A new charter school for middle school students will be unable to open for a second consecutive year because it doesn't have a place to hold classes.
Horizon Middle Academy made the agonizing decision last year to delay opening for a number of reasons that included not having a building.
This year, the school had everything it needed to open, including design plans and a site for the new building, but it couldn't get the money it needed to start construction.
"We're still hoping, trying to make it happen," said Tina Beck, who leads the school's planning committee. "It's getting a little old, but we're trying to persevere."
Horizon Middle was the first Lowcountry school to be approved by the South Carolina Public Charter School District in December 2007. The school plans to serve 350 sixth- through eighth-grade Charleston County students, offering individualized instruction and using a holistic approach to teach students.
Charter schools approved by the state district don't need the local school board's approval, but they don't receive as much money as charter schools approved by local boards. The only funding they receive comes from state and federal sources; they receive no local money.
The lack of adequate funding and the state's fluctuating funding estimates has made it difficult for Horizon leaders to secure the money needed for a building, Beck said. They found land on Johns Island, have design plans for a $5.5 million, 26,000-square-foot "green" building, and can get a loan to fund 80 percent of the project. But they need to come up with the remaining 20 percent, or roughly $1 million, and it's a difficult environment to find investors, she said.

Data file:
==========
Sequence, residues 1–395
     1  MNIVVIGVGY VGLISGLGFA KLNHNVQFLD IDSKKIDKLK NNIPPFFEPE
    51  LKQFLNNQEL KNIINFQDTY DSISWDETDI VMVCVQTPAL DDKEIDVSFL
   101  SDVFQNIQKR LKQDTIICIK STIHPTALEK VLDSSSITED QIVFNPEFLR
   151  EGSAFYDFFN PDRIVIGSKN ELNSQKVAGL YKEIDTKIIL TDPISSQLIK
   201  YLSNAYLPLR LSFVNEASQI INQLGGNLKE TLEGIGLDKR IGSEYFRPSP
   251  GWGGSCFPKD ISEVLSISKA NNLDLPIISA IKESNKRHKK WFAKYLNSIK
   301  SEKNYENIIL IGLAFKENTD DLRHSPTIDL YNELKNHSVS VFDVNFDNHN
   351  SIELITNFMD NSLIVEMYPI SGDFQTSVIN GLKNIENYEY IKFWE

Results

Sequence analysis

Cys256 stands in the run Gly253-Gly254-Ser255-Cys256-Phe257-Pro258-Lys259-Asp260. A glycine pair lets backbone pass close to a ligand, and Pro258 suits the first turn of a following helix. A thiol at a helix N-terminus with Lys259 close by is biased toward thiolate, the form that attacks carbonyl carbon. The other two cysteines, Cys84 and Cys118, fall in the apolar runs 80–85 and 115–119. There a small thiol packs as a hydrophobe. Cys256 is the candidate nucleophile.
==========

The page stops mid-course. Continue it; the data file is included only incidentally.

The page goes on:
"We've been dealing with people all over the country who do this in multiple states, and South Carolina is not a good investment because it's not secure," she said.
When charter school leaders realized in March that they couldn't build the school by August, they asked Charleston school district Chief Financial Officer Mike Bobby permission to use space in a district building. The charter school was willing to share space with another school and to pay rent, but the district kept delaying a decision, Beck said. By June, Beck realized the school would have to wait another year to open.
"They don't want us to exist," she said.
The school board decided in January to close five schools, and it approved earlier this month future plans for those and other unused buildings.
School Superintendent Nancy McGinley said neither she nor board Chairwoman Toya Green received a formal request from Horizon Middle on using space in a district building. She suggested that Beck give her a written request, and she'd bring it to the board.
The only start-up charter school using district space is the Charleston Charter School for Math & Science, and its organizers fought a long, hard battle to make that happen.
Beck said she's considering seeking approval from the county board so the charter school would receive more money, but she knows that would be difficult. She plans to try for at least one more year to open the school.
"I don't know that I can keep on," she said. "I do want to give it another year. ... For a lot of people, the traditional, familiar way of educating children is not what they want. We have a right to have innovation, alternatives and choices. If not for any other reason, it's a good reason to continue."